The latest taxation changes to residential and commercial property could cost Non-UK companies millions
The latest set of changes which come in to force on 6 April 2020 will impact on non-UK companies which own and rent out residential and non-residential properties in the UK say leading accounting and tax advisory firm Blick Rothenberg.
The firm’s head of Corporate Tax, Genevieve Moore, said: “The taxation of UK residential and commercial property has been transformed over recent years, impacting on UK and non-UK resident individuals and companies.”
“With effect from 6 April 2020, non-UK resident companies that carry on a UK property business will be charged to corporation tax in the UK, rather than pay income tax on their profits. This change will align the treatment of resident and non-resident corporate landlords but is likely to increase the tax liabilities of the largest non-resident landlords.”
She added: “Whilst the headline rate of corporation tax is lower than the basic rate of income tax in the UK, and therefore the change will be welcomed by some landlords, the calculation of taxable profits under corporation tax rules is different than under income tax rules, so there will be winners and losers from the change in regime.”
Moore gave an example: “Crucially, once the non-resident corporate landlords are subject to corporation tax, rather than income tax, they will be subject to the “Corporate Interest Restriction” (CIR) rules. These rules, which only apply to companies, restrict the amount of tax relief that can be claimed for interest.
“However, assuming a property purchase of £100m (not unrealistic for some of London’s real estate), which has been funded with £70m of debt. Taking an interest rate of 5%, would give simple interest of £3.75m pa.
“Under the current rules the non-resident landlord would be able to claim a deduction for the full amount of interest against the rental profits generated from the property.”
She added: “But under the corporate tax rules this interest will be restricted. There are detailed calculations to establish the amount which is tax deductible, but potentially this could be reduced to just £2m, resulting in an additional UK tax liability of £300k.
“Fortunately, there is a de-minimums, so if a business is paying less than £2m pa in interest the rules are unlikely to apply. However, the £2m is a group limit so if there are other UK related companies, the non-resident landlord with less than £2m of interest could still be impacted.”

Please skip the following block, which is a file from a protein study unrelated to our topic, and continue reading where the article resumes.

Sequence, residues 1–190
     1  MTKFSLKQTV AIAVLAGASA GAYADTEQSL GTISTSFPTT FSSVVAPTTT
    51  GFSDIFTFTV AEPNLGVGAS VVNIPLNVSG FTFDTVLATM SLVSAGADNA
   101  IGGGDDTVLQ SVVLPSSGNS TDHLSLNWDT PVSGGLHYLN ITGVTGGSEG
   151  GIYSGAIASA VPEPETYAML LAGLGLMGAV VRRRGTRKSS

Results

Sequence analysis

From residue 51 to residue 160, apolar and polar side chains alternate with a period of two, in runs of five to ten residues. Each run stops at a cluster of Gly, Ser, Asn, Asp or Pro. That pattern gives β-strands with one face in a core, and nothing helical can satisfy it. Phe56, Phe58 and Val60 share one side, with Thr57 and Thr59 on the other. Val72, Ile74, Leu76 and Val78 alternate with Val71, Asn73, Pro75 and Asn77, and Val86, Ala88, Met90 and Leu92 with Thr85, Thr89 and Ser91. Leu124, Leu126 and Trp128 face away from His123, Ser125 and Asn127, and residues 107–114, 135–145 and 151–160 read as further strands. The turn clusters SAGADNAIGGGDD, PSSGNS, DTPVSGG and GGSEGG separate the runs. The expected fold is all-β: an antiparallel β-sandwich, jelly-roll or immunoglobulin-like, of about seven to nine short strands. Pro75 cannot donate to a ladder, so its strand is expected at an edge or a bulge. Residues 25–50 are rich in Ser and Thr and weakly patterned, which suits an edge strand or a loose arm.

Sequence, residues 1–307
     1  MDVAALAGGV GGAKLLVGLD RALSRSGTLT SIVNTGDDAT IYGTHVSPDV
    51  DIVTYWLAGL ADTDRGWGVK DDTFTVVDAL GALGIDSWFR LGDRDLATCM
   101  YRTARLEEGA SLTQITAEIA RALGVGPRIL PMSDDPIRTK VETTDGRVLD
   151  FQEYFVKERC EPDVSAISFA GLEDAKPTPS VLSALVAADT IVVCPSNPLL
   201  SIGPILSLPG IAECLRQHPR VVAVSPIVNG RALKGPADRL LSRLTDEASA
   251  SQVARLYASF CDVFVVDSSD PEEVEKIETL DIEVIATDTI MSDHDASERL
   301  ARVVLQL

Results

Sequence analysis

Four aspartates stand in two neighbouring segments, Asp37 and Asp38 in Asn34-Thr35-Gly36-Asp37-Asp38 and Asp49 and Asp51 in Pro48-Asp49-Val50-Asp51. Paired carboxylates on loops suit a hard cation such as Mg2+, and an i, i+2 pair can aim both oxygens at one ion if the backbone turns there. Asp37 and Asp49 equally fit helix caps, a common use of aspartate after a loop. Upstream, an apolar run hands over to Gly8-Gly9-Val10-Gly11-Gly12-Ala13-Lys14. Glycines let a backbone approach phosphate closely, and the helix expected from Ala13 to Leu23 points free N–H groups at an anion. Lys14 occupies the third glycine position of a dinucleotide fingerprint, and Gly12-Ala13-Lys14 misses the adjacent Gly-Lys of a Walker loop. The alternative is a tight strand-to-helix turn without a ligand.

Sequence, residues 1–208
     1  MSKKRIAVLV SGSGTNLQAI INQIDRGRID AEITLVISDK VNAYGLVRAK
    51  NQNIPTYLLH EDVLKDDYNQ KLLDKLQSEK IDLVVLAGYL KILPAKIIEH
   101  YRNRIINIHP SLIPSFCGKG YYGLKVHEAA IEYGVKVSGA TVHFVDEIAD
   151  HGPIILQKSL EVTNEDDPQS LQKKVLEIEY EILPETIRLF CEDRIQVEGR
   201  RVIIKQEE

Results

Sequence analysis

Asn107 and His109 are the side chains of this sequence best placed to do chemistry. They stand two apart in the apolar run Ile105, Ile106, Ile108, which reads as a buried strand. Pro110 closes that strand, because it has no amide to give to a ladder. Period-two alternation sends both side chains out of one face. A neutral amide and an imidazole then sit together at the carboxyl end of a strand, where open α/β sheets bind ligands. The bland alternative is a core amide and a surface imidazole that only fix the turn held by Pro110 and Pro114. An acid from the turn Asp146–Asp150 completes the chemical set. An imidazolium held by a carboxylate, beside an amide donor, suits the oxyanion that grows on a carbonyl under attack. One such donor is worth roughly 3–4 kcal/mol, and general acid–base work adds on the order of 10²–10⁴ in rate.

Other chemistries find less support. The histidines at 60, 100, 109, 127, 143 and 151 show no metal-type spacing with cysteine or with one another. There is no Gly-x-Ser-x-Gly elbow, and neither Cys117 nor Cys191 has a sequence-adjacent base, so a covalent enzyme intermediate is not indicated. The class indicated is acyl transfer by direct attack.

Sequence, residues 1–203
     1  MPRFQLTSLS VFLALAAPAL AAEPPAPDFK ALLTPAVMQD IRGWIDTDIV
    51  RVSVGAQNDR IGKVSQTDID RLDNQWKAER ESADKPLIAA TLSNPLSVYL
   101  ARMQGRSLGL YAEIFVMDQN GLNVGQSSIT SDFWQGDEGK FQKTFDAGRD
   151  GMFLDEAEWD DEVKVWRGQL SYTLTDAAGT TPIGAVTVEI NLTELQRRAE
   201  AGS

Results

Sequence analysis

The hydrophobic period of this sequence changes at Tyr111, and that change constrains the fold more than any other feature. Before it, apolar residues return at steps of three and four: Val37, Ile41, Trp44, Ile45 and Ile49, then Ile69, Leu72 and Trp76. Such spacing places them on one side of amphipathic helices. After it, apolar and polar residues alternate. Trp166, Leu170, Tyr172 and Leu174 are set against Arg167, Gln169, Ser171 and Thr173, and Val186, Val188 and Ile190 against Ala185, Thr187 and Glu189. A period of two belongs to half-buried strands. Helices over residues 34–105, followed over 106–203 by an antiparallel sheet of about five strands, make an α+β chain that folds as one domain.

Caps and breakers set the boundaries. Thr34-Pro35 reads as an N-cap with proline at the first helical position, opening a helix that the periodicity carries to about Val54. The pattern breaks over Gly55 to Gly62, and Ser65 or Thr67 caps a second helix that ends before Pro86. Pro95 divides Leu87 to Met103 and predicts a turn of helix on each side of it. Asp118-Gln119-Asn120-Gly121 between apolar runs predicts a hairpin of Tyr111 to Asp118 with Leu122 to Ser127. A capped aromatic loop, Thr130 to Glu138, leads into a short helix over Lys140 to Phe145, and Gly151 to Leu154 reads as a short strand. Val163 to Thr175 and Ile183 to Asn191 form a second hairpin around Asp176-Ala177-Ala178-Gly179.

Some of the other key differences between the income tax rules and the corporation tax rules are outlined below.
- Losses generated by the company after it comes within the corporation tax regime will be subject to the corporation tax loss restriction rules. This limits the amount of brought forward losses that can be relieved in a future accounting period to £5m, plus 50% of the profits in excess of £5m.
- The UK has widely drawn anti-hybrid rules which can deny a deduction for expenses where it is made to or from a hybrid entity or relates to a hybrid instrument.
- The corporation tax rules are designed to work closely with the accounting treatment of items for financial statements prepared in accordance with UKGAAP or IFRS. Many non-resident companies do not prepare financial statements, or if they do they may not be compliant with IFRS or UK GAAP. It has not yet been confirmed what type of accounts non-UK resident corporate landlords will need to file with their tax returns but accounts will be required.
- The non-UK resident landlord will still be required to complete the existing Form SA700 for the year ended 5 April 2020, and file this with HMRC by 31 January 2021. Thereafter the non-UK resident landlord will file corporation tax returns for the period covered by the company accounts, e.g. 31 December. The return will need to be filed online within 12 months of the company year end.
- Under corporation tax rules the non-resident landlord will have different tax payments dates, rather than the under the existing arrangements where they pay tax in January and July each year. Companies with taxable profits less than £1.5 million (although this limit is divided by the number of related companies in the corporate group) will pay their tax nine months and one day after the end of the accounting period. However, large companies with taxable profits of more than £1.5m will be required to make estimated tax payments on a quarterly basis throughout the year. Interest will be charged where the instalment payments are underpaid.
Moore said “In addition to the raft of corporation tax rules that will apply to the non-resident landlord after 6 April 2020, there are transitional provisions which will impact the year which spans 5 April 2020. There will be a requirement to apportion income and expenses between the two periods, with different rules applying to each period and special transitional provisions which may help relieve some of the adverse tax implications of the transition. At the very least, there will be no double taxation of the profits arising in the transition period, and losses made under income tax rules will be available to set against future profits arising under the corporation tax rules. These transitional provisions, along with the postponement of the accelerated corporation tax payment dates for the first period are welcome”.
She emphasised: “Non-UK resident corporate landlords should take the time now to understand the impact that the transition to corporation tax on 6 April 2020 will have on the business tax profile and tax payment dates.”